Now, Senator Lincoln has introduced a new bill which will be voted on in the The Senate agriculture committee. The current guesses are it will be voted out of committee and onto the Senate floor by April 26th. Here is the actual bill text and here is her press release:

The Wall Street Transparency and Accountability Act of 2010

Senate Committee on Agriculture, Nutrition, and Forestry, Chairman Blanche Lincoln


A financial reform political circus

While the Senate and House have debated the health care reform endlessly, fighting tooth and nail at every step, all the while being broadcast on network television, the financial reform bill is quietly moving along under the radar. On the same day that Senator Dodd proposed his sweeping reform bill, it passed committee.

“The bill that finally passes on the floor will be a much more business-friendly bill,” Miller said today. “They won’t get a bill done until Dodd and Shelby agree on the compromise, but Republicans do want to get a bill done this year. So there’s incentive for both sides to come to agreement.”

The fact that the bill is going to be watered down even more is a sad statement to an on-going tragedy.

Chris Dodd's wife and derivatives trading - "all in the family"

It’s all in the family! Senator Chris Dodd writes a financial reform bill but forgets to regulate derivatives, “financial weapons of mass destruction.” Then we find out that his wife works for the owners of two exchanges that will very likely benefit from Dodd's “reform” legislation.


They make the rules. They take the money, all of it, and leave us with debt. And they tell us it’s all legal.

Here’s the story.

Dodd's Dud

You may be wondering why you haven't seen a post overview on the latest Senator Dodd's Financial Reform Bill, Restoring American Financial Stability Act of 2010 (link has legislative summary and text). That's because, as usual, it's a dud.

Firstly a few summary points are listed here. The Huffington Post has a list of other criticisms, including the political on Dodd 2.0. Also, yet another New York Times op-ed points to the well known fact, putting the CFPA under the Federal Reserve will de facto kill consumer financial protection.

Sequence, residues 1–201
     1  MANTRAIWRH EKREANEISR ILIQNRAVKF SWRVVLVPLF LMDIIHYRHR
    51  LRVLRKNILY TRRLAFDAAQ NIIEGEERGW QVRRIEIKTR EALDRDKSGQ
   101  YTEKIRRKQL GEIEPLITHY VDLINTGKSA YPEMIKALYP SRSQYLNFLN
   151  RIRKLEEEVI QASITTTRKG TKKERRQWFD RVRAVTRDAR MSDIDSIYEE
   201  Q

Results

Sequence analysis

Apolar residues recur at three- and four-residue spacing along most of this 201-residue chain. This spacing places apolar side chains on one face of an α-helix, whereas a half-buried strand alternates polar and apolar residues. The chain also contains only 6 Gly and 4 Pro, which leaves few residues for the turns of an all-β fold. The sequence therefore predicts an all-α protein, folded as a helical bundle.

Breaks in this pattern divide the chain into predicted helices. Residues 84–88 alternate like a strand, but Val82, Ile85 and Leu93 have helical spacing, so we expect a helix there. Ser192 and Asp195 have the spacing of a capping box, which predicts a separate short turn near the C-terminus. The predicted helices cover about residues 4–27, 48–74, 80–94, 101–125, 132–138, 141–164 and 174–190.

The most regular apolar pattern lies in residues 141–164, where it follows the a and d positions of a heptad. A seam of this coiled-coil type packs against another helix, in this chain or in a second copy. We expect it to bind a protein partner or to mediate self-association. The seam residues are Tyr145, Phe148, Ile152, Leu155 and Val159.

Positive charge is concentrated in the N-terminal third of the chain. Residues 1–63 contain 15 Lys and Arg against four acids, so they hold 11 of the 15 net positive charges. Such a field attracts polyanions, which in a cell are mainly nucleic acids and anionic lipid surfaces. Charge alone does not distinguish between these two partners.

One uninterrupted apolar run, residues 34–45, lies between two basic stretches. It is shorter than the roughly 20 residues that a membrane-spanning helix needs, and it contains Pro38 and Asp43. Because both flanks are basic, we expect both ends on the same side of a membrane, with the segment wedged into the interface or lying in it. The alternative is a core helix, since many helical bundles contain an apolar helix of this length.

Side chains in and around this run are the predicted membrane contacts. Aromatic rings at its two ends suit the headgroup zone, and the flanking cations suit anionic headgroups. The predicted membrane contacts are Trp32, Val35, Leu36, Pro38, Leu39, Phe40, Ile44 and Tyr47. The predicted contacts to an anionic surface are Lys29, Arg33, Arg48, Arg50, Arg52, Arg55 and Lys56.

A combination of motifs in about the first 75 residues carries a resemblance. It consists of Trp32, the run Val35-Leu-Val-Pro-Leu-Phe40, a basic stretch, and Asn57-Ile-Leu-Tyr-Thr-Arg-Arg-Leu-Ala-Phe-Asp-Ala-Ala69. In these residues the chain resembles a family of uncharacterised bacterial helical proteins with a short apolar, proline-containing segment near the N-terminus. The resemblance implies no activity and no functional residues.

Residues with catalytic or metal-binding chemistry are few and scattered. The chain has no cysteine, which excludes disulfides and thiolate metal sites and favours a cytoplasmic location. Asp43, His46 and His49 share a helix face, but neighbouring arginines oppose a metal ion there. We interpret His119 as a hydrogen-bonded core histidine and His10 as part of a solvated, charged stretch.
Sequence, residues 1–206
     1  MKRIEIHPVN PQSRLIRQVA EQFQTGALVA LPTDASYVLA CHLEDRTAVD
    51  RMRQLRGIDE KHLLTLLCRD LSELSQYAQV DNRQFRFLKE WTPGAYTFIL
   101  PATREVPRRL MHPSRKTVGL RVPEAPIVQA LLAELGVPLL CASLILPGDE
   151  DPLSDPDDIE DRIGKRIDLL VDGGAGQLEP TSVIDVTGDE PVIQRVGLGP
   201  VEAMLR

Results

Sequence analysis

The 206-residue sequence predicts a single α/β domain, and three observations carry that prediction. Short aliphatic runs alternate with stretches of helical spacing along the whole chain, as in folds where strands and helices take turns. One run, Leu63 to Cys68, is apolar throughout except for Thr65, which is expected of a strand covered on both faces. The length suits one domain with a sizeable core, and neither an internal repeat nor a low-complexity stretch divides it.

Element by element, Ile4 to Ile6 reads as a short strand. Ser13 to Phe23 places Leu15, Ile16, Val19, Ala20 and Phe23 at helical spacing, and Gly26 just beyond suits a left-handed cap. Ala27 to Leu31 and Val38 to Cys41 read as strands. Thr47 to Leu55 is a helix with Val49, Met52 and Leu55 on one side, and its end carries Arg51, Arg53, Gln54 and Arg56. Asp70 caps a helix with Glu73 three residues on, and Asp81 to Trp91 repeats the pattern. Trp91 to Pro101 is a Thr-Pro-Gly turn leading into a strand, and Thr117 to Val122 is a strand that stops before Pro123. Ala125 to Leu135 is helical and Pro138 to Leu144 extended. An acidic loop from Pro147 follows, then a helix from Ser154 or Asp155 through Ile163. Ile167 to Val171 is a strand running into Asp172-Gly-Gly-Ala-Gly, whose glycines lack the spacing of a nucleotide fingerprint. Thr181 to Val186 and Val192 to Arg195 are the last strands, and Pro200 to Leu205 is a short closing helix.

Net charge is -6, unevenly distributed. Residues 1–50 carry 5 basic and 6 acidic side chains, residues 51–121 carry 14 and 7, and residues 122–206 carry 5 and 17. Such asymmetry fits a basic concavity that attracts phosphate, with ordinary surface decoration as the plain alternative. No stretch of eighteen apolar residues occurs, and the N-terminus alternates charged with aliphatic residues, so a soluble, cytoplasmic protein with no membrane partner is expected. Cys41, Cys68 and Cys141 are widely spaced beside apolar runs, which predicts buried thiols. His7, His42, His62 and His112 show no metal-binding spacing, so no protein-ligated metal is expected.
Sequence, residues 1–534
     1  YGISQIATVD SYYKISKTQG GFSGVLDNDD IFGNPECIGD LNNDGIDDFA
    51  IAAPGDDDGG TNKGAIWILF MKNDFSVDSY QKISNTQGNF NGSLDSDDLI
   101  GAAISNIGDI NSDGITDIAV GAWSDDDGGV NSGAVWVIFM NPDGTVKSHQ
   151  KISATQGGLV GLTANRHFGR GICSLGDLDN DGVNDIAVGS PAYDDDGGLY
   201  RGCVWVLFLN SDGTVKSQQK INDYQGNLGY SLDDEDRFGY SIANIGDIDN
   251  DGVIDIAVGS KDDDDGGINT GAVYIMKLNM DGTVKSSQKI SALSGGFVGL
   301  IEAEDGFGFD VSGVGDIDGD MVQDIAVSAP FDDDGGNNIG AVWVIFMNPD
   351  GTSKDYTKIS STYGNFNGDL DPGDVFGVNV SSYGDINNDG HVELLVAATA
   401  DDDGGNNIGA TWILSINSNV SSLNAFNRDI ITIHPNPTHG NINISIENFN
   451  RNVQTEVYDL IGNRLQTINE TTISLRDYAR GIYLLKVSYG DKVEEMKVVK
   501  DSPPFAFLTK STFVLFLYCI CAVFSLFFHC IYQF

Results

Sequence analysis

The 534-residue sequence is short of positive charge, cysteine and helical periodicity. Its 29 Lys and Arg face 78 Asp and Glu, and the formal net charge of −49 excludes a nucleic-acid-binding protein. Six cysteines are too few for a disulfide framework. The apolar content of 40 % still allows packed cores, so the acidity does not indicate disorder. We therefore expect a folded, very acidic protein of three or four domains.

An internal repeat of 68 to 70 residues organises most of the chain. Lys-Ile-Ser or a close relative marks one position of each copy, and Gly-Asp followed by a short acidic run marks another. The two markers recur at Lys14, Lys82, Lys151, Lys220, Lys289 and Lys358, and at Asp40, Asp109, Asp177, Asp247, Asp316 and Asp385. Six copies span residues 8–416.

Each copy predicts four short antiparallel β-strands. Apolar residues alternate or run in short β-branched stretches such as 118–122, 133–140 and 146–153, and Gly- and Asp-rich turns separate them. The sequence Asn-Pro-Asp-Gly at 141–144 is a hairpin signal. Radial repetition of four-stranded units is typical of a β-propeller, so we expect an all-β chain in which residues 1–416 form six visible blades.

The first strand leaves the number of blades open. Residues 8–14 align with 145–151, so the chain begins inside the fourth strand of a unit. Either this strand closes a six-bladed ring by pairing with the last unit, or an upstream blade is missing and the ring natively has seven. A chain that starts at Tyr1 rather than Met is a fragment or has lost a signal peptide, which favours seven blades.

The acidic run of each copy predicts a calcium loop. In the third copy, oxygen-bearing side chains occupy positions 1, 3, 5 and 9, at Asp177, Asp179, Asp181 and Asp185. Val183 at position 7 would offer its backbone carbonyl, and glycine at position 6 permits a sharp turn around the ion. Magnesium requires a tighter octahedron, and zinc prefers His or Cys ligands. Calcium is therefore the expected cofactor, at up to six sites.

Make Markets Be Markets - A Bunch of Well Known Folk Trying to Get Some Damn Financial Reform

Anyone reading our site knows that Financial Reform is nowhere and what has been passed can be described from Swiss cheese to who let the dogs out.

Well, well, us in the peanut gallery are not alone in that assessment and a bunch of experts are putting forth detailed policy proposals on what should happen. They are on a web 2.0 media campaign to get your attention and I will assume your support too.

A conference, put on by the Roosevelt Institute was held this week. The blog New Deal 2.0 has a host of videos, including the entire conference. They really are going all out on the web 2.0 stuff and even have a website, Make Markets Be Markets, just for their policy proposals and to get real financial reform.

What's Happening with the Wall Street Reform and Consumer Protection Act of 2009?

Today the House passed H.R. 4173: Wall Street Reform and Consumer Protection Act of 2009. The vote was 223 to 202 with 27 Democrats joining all of the Republicans in a no vote.

The actual bill is in the Congressional Record, with the latest Congressional actions (not real time).

Here is a list of amendments. The current House Roll Call vote is here.

The House allowed 36 amendments for debate, which severely limits the real number of amendments up for consideration. It appeared to be a strategic move to block the flurry of Republican amendments.

See this post on two amendments to gut the bill.